Minimalism is an interesting idea, a concept where more is less has always been fascinating to me, even though I do not openly partake. When it comes to video games, it is a concept rarely pulled off with a deft touch, but the recent indie game golden age has seen several titles take the idea and run with it, and none more deftly than The Fullbright Company’s Gone Home.
Gone Home sees you play as Kaitlin Greenbriar, who has quite literally gone home for the summer. Arriving at the family home, it is dark, locked up and no one appears to be in. There is a storm outside and a strange note on the door. From there, discovery is the core concept of the game. Why is no-one home? exactly where is Kaitlin’s family? What is with that note?
I have told you all I am going to tell you about the titles story. Which is going to make this a very difficult review to write, but hey ho. You move through the house in first person, trying to work out the answers to all of those questions and more. As your exploration continues, you start to discover the history of, and information about, the Greenbriar family, giving you hints as to how each member is despite you never meeting them.
Atmosphere is created brilliantly in the game, and it almost gives the title a survival horror feel. Indeed, I kept wondering if there would be some horrible monster or serial killer hiding in one of the dark rooms, waiting to jump out and kill the last member of the family. The storm outside didn’t help, and blasts of thunder made me jump at least once.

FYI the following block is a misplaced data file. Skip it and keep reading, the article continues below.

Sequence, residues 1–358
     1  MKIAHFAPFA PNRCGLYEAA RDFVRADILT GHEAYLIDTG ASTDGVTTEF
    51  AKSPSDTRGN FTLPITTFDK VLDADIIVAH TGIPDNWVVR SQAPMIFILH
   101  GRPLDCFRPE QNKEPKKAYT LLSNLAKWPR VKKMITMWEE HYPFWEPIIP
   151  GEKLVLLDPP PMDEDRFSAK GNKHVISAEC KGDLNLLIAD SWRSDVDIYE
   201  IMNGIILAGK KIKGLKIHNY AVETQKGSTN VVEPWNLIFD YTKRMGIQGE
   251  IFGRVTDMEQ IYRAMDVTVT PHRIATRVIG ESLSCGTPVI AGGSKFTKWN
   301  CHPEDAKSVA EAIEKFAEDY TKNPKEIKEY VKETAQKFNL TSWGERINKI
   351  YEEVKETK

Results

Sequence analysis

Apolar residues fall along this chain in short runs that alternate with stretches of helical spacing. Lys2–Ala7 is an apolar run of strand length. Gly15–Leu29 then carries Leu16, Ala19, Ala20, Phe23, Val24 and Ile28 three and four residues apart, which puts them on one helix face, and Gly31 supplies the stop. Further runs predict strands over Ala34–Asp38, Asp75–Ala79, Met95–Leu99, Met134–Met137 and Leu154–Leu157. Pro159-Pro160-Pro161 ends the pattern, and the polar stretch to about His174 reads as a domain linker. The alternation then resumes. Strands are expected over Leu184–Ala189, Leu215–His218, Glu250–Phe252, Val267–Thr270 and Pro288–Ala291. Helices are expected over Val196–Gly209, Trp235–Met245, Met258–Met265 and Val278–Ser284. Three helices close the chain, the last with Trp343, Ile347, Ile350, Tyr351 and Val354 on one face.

It creates a brilliantly creepy atmosphere, but by the end you realise that creepiness is the same feeling you get in the real world, when moving around a dark and empty house by yourself at night. You know there is nothing wrong, but every sight and sound is interpreted by your brain as something completely different.
Sound design is paramount to this, and Gone Home has some of the best I have heard in years. Just standing in one place can create noises that it shouldn’t, making thoughts of a serious jeopardy creep back in, despite all you are doing is looking at a soda can. The storm raging just outside creates all new sounds as the house rocks and wind blows around, rocking the windows as rain batters down.
But it is the main story where the game truly shines, encapsulating that idea of less is more brilliantly. It builds a poignant, brilliantly paced and realised tale, one as heartbreaking as it is heart warming. It deals with concepts and themes few games go anywhere near, and pulls them off brilliantly. This is a story that has happened all across the world, and will continue to happen, as timeless as anything any other medium can produce.
For a game that is essentially a point and click adventure, Gone Home shows just what can be done with the interactive entertainment format, and is all the better for it. This is a game lavished with love, a tale the developers wanted to tell in a set way, and as creative a work as any brought to market this year. It stands as a testament to minimalist concept, with no combat or threat, no mysticism or world ending mcguffin, it is just a story about a family, one that struggles with the same problems we all do.
Gone Home proves that games do not have to be all action kill fests, that something else can be done with them. It may be short, just a couple of hours at most, but that is all it needs to draw you into the family life of the Greenbriar’s and weave a tale that will break, then warm, your heart. It is absolutely fantastic, and worthy of the price of entry, a game that should go down in history as a modern classic.